This DVD release from Image Entertainment collects the nine shorts that the director of Fright Night and Child's Play created as an exclusive web series for FEARnet. Holland is no stranger to anthology horror, having worked on HBO's Tales From The Crypt series back when it was still on the air and this new project sees him collaborate with a few faces bound to be familiar to horror movie devotees.
As the shorts that make up this collection are unrelated, let's cover them in the order in which they appear on the DVD:
Fred And His GPS: The first story follows a man named Fred who murders his wife. When he takes off in his car afterwards, he starts to realize that the woman he just murdered might just be haunting him through his GPS. AJ Bowen from You're Next appears in this one and while it's not particularly scary, it is quirky and weird enough to work.
To Hell With You: A woman goes through an unpleasant break up with her boyfriend and winds up meeting a mysterious person who could be the key to getting the revenge she wants, but what will she have to do to seal the deal? Danielle Harris and William Forsythe both appear in this one. It's predictable, you won't have any trouble figuring out who the stranger is (the title makes it obvious) but it's fun to see Harris and Forsyth on screen.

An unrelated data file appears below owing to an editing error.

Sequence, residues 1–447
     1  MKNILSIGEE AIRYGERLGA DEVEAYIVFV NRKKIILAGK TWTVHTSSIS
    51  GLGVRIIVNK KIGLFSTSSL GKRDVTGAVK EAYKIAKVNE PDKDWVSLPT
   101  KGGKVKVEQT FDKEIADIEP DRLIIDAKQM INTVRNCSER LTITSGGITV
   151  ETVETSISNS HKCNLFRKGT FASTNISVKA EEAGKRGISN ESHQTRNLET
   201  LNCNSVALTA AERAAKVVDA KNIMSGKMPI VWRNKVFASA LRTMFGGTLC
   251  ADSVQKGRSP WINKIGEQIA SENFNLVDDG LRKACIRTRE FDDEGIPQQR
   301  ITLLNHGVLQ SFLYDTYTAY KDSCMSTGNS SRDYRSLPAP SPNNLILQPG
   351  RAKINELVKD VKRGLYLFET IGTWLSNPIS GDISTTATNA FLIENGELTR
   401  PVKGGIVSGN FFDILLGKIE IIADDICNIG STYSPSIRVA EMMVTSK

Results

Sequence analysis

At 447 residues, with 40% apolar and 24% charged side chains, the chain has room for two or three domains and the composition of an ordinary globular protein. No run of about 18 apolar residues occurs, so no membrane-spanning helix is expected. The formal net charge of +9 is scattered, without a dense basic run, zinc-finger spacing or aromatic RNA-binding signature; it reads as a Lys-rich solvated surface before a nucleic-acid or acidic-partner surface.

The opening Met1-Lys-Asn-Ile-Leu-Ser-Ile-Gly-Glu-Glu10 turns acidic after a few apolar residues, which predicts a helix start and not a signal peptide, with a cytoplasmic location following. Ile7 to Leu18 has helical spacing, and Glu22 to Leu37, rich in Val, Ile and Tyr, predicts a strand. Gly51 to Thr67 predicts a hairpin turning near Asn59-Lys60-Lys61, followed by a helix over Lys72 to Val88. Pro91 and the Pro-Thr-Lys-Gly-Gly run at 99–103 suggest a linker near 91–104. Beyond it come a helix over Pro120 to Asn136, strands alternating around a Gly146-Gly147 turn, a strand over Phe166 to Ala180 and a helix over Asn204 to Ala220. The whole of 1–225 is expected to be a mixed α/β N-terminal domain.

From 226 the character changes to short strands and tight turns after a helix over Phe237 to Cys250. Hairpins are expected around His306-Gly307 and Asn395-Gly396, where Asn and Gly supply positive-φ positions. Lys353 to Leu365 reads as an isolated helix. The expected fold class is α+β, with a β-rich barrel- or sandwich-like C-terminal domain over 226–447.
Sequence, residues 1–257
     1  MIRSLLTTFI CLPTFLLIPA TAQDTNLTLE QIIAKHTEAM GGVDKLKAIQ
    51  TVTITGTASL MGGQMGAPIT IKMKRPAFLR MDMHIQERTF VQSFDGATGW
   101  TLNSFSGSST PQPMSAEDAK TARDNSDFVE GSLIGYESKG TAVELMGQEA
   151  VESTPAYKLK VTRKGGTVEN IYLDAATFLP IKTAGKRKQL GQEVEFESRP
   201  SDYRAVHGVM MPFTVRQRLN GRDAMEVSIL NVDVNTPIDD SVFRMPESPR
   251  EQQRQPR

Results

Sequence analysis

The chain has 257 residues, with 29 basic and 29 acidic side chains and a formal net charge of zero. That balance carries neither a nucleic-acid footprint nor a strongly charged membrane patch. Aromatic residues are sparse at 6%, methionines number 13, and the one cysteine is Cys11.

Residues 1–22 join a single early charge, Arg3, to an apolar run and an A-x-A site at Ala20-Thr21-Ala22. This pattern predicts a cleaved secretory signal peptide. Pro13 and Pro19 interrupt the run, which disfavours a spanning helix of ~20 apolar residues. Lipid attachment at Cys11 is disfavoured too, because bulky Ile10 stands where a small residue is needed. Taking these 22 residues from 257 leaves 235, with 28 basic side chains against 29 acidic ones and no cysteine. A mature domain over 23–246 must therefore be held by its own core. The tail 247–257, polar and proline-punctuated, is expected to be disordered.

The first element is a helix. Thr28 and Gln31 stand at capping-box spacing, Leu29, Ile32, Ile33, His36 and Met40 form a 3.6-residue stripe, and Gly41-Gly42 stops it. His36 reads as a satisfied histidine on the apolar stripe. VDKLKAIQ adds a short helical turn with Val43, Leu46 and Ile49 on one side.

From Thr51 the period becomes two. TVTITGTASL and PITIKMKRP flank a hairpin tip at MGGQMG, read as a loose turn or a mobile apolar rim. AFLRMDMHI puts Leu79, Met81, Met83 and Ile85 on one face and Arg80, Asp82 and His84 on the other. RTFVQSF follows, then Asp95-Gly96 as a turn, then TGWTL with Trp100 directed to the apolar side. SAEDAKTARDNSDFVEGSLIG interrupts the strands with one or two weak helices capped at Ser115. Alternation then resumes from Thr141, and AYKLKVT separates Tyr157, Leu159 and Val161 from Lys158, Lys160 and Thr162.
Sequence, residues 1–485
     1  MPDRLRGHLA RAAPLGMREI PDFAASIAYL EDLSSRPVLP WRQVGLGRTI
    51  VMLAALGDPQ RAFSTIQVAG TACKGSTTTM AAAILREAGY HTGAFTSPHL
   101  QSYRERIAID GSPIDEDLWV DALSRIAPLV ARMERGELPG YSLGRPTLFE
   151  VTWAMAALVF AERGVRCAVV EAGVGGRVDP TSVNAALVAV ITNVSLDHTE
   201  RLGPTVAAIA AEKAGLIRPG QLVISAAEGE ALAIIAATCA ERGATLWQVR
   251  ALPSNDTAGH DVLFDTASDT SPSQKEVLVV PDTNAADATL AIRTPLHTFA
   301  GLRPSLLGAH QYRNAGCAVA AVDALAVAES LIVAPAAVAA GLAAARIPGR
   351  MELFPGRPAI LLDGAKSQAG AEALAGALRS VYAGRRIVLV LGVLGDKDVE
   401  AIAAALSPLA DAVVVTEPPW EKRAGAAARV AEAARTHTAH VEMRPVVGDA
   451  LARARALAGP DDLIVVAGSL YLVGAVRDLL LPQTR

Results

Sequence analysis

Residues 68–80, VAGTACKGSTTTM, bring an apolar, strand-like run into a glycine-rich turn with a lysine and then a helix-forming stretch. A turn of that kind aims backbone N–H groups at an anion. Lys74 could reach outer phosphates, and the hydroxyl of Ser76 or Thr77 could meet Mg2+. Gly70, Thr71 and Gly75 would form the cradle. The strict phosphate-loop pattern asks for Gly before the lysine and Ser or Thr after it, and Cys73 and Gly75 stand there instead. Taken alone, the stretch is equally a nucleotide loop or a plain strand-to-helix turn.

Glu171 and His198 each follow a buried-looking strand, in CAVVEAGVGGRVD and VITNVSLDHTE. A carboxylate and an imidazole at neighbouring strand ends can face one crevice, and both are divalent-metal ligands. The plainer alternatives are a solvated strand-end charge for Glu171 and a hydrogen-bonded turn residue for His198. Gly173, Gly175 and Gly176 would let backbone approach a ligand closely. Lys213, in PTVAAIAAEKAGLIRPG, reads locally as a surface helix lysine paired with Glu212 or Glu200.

BOOM: Two military vets who have become the best of friends over the years and who are both experts in explosives get into it when one man accuses the other of having a torrid affair with his wife. This one probably has the most surprising twist out of the lot and earns some points for being, yes, twisted, and quite original.
Mongo's Magick Mirror: A big time illusionist encounters a low rent magician and sees him perform an amazing trick. He decides he's going to steal that magicians trick and use it as his own, but of course, that won't end well. Ray Wise pops up in this one, which is fun, but this unfortunately turns out to be one of the weaker entries on the disc as it's just too easy to see where it's heading.
Bite: If you figured the entry called Bite would be about vampires, the joke's on you! It's actually about an experimental drug with a nasty side effect: it turns people into werewolves (they also bite, so the title still works). This one falls pretty flat, the editing and post production work is clunky and the premise doesn't jive with the intended horror particularly well. The performances aren't all that convincing either. Next!
Shock Wave: When the world is ravaged by nuclear destruction, four friends band together to try and make a go of it but soon realize that human nature isn't as kind and charitable as any of them had hoped. Angelis Bettis, Buffy's Amber Benson and James Duval all appear in this one and they're all fun to watch but once again we can figure out the twist here pretty easily. It's well acted at least, and entertaining enough, just not all that original in its execution.
Cached: One of the more creative shorts on this disc follows a low rent thief who decides to swipe a tablet computer belonging to a recently deceased man. Hey, he's dead… he's not going to need it anymore, right? Maybe not… this one is fun. It's clever, creative, and even a little bit topical in how it uses today's technology in the story. Of course, that means it won't age well and in twenty years it'll be goofy but by the standards of 2014, it works well enough.